The mystery DNA spippets are about 300 times less likely than other regions of the genome to be lost during the course of mammalian evolution.
Scientists have discovered mystery snippets of mammal DNA that have survived eons of evolution and yet have no apparent purpose. The finding reveals just how much we don't know about the secrets hidden in our genome and that of other animals.
Most genes change throughout evolution via mutations; useless ones eventually get weeded out of the population while the helpful modifications take hold. However, about 500 regions of our DNA — the body's instruction code made up of base pairs of molecules — have apparently remained intact throughout the history of mammalian evolution, or the past 80 million to 100 million years, basically free of mutations.
"Mutations are introduced into these regions just as they are everywhere else, but they're swept out of the genome much more quickly," said researcher Gill Bejerano, professor of developmental biology and computer science at Stanford University. "These regions seem to be under intense purifying selection — almost no mutations take hold permanently."
And what's more, many of those sequences do not appear to code for any obvious function, or phenotype, in the body. Researchers suspect they do serve an important purpose, but have yet to figure out exactly what that purpose is. (These sequences are not the same as most non-coding or "junk" DNA, for which no function has been identified, because those sections are not so well-preserved.)
The researchers call these mystery snippets "ultraconserved regions," and found that they are about 300 times less likely than other regions of the genome to be lost during the course of mammalian evolution. Bejerano and his graduate student Cory McLean detailed the finding in the journal Genome Research.
The fact that these segments haven't been weeded out by natural selection implies that they serve an important function in mammals. Yet mice in the lab bred to lack four of these DNA strands appear healthy and don't seem to be missing any vital genes.
Wondering if the odd results were simply some fault of the lab experiment, and perhaps the mice really weren't as well off as they seemed, the researchers investigated whether any other mammals were also blithely living without these regions.
Amazingly, they found that was not the case. The researchers compared ultraconserved sequences of at least 100 base pairs shared by humans, macaques and dogs with the DNA of rats and mice. They found that less than one-tenth of 1 percent of the segments shared among the primates and dogs were missing in the rodents. In contrast, about 25 percent of regular, not ultraconserved, regions in the first group were absent in the mice and rats.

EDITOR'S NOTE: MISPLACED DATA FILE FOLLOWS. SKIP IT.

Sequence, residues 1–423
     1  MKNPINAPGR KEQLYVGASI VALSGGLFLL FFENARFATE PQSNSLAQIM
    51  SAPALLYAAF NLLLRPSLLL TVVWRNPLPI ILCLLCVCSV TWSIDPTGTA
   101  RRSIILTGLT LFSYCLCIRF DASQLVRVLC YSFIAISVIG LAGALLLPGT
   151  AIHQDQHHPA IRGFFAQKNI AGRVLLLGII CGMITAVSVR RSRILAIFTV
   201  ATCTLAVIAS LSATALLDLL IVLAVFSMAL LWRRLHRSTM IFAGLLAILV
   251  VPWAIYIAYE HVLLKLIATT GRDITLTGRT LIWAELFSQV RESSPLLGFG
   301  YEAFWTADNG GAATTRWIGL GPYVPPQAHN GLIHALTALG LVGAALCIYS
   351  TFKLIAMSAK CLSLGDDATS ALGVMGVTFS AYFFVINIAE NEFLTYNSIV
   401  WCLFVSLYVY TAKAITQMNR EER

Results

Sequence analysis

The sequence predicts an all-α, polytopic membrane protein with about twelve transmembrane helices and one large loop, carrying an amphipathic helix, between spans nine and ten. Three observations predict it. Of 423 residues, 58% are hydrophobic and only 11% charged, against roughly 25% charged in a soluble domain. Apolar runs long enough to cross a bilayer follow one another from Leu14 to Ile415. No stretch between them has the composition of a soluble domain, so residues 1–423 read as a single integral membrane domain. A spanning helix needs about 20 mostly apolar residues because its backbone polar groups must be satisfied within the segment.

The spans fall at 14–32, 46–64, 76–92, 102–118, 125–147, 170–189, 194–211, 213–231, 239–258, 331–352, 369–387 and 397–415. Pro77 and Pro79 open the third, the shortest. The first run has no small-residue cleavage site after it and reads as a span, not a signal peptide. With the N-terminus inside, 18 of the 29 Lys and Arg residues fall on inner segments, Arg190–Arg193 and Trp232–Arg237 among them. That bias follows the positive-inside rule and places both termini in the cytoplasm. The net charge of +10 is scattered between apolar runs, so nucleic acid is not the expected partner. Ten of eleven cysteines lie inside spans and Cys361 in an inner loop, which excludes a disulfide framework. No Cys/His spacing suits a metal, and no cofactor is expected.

"What's striking about this research is that [the regions] really are almost never lost," Bejerano told LiveScience. "You're asking if a species can live without these regions, and the resounding answer from our paper is that they seem to have an effect that is strong enough that evolution would weed [individuals without the regions] out of an evolving population."
Scientists have some guesses about what these strange segments might be used for. Perhaps these DNA strands actually code for multiple layers of information, Bejerano suggested. In that case, each layer could be redundant, with other segments serving the same purpose in other contexts, but together they provide a vital backup system.
Or, they could be crucially important, but only at specific times in a species' history.
"Imagine that these regions somehow protect you from a disease that only strikes the population every once in a while," Bejerano said. "Once every 10,000 years you have this cleansing event, and only those with the region would actually stick around. That's one guess."
For all the major advances in genome science in the last decades, there are still many basic questions left to be answered.
For one thing, though researchers have made strides in understanding what many genes do, there are many more areas of DNA that remain baffling.
"If you pick a particular region in the genome at random and ask me, 'What does this region do?' there is a very high likelihood that I would tell you, 'I don’t know,'" Bejerano said in a phone interview. "That makes for a lot of mysteries that are still out there."
In addition to particular sequences of DNA that puzzle scientists, there are many basic questions about the workings of DNA for which answers have so far eluded researchers.
"We have very good guesses, but how the genome does its thing is by and large yet to be revealed," Bejerano said. "It's exactly the same in every one of our cells, but each cell behaves very differently. There's a lot more we have to understand in the relationship between genomics and developmental biology."
The research was supported by a Stanford Bio-X graduate fellowship and an Edward Mallinckrodt, Jr. Foundation junior faculty grant. Bejerano is a Sloan research fellow and a Searle scholar